Chapter X. Notes on the Nzadi or Congo River.
Mungo Park, after a brief coldness and coquetting with it, hotly adopted to the fullest extent the wild scheme. Before leaving England (Oct. 4, 1804), he addressed a memoir to Lord Camden, explaining the causes of his conversion. It is curious to note his confusion of "Zad," his belief that the "Congo waters are at all seasons thick and muddy," and his conviction that "the annual flood," which he considered perpetual, "commences before the rains fall south of the equator." The latter is to a certain extent true; the real reason will presently be given. Infected by the enthusiasm of his brother Scot, he adds, "Considered in a commercial point of view, it is second only to the discovery of the Cape of Good Hope; and, in a geographical point of view, it is certainly the greatest discovery that remains to be made in this world."
Thereupon the traveller set out for the upper Niger with the conviction that he would emerge by the Congo, and return to England via the West Indies. From the fragments of his Journal, and his letters to Lord Camden, to Sir Joseph Banks, and to his wife, it is evident that at San-sanding he had modified his theories, and that he was gradually learning the truth. To the former he writes, "I am more and more inclined to think that it (the Niger) can end nowhere but in the sea;" and presently a guide, who had won his confidence, assured him that the river, after passing Kashna, runs directly to the right hand, or south, which would throw it into the Gulf of Guinea.
The fatal termination of Park's career in 1805 lulled public curiosity for a time, but it presently revived. The geographical mind was still excited by the mysterious stream which evaporation or dispersion drained into the Lake-swamps of Wangara, and to this was added not a little curiosity concerning the lamented and popular explorer's fate. We find instructions concerning Mungo Park issued even to cruizers collecting political and other information upon the East African coast; e.g., to Captain Smee, sent in 1811 by the Bombay Government. His companion, Lieutenant Hardy, converted Usagara, west of the Zanzibar seaboard, into "Wangarah," and remarks, "a white man, supposed to be Park, is said to have travelled here twenty years ago" ("Observations,"
About ten years after Mungo Park's death, two expeditions were fitted out by Government to follow up his discovery. Major Peddie proceeded to descend the Niger, and Captain Tuckey to ascend the Congo. We have nothing to say of the former journey except that, as in the latter, every chief European officer died - Major Peddie, Captain Campbell, Lieutenant Stokoe, and M. Kummer, the naturalist. The expedition, consisting of 100 men and 200 animals, reached Kakundy June 13, 1817, and there fell to pieces. Concerning the Zaire Expedition, which left Deptford on February 16, 1816, a few words are advisable.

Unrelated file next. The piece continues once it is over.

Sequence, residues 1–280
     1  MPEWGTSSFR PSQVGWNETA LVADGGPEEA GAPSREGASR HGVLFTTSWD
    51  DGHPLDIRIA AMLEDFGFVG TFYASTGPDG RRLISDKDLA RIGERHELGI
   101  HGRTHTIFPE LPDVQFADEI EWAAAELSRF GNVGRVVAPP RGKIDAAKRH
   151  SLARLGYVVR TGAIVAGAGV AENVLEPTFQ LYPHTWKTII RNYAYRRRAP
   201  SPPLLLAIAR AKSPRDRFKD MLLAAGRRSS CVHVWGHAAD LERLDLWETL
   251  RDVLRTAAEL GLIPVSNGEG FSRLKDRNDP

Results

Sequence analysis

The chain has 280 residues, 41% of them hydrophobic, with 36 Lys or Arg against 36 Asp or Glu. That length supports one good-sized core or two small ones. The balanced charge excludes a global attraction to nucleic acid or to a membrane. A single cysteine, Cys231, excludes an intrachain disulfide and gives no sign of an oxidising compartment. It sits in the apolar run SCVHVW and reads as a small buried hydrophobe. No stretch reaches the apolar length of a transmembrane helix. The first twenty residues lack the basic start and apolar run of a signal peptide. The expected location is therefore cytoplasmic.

The personnel was left to the choice of the leader, Commander J. K. Tuckey, R. N. (died). There were six commissioned officers - Lieutenant John Hawkey, R.N. (died); Mr. Lewis Fitz-maurice, master and surveyor; Mr. Robert Hodder and Mr. Robert Beecraft, master's mates; Mr. John Eyre, purser (died); and Mr. James McKerrow, assistant surgeon. Under these were eight petty officers, four carpenters, two blacksmiths, and fourteen able seamen. The marines numbered one sergeant, one corporal, and twelve privates. Grand total of combatants, forty-nine. To these were added five "savants": Professor Chetien Smith, a Norwegian botanist and geologist (died); Mr. Cranch, collector of objects of natural history (died); Mr. Tudor, comparative anatomist (died); Mr. Galway, Irishman and volunteer naturalist (died); and "Lockhart, a gardener" (of His Majesty's Gardens, Kew). There were two Congo negroes, Benjamin Benjamins and Somme Simmons; the latter, engaged as a cook's mate, proved to be a "prince of the blood," which did not prevent his deserting for fear of the bushmen.
The allusions made to Mr. Cranch, a "joined methodist," and a "self-made man," are not complimentary. "Cranch, I fear," says Professor Smith, "by his absurd conduct, will diminish the liberality of the captain towards us: he is like a pointed arrow to the company." And, again, "Poor Cranch is almost too much the object of jest; Galway is the principal banterer."In the Professor's remarks on the" fat purser,"we can detect the foreigner, who, on such occasions, should never be mixed up with Englishmen.